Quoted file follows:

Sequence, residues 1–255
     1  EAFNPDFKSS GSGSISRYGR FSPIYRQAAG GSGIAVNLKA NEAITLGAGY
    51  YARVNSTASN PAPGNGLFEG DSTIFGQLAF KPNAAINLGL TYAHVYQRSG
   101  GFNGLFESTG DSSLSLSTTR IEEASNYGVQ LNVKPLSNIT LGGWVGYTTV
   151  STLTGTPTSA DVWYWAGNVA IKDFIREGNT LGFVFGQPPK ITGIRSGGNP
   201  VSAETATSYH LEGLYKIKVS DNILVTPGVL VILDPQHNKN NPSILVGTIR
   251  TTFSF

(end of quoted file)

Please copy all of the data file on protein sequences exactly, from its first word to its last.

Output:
Sequence, residues 1–255
     1  EAFNPDFKSS GSGSISRYGR FSPIYRQAAG GSGIAVNLKA NEAITLGAGY
    51  YARVNSTASN PAPGNGLFEG DSTIFGQLAF KPNAAINLGL TYAHVYQRSG
   101  GFNGLFESTG DSSLSLSTTR IEEASNYGVQ LNVKPLSNIT LGGWVGYTTV
   151  STLTGTPTSA DVWYWAGNVA IKDFIREGNT LGFVFGQPPK ITGIRSGGNP
   201  VSAETATSYH LEGLYKIKVS DNILVTPGVL VILDPQHNKN NPSILVGTIR
   251  TTFSF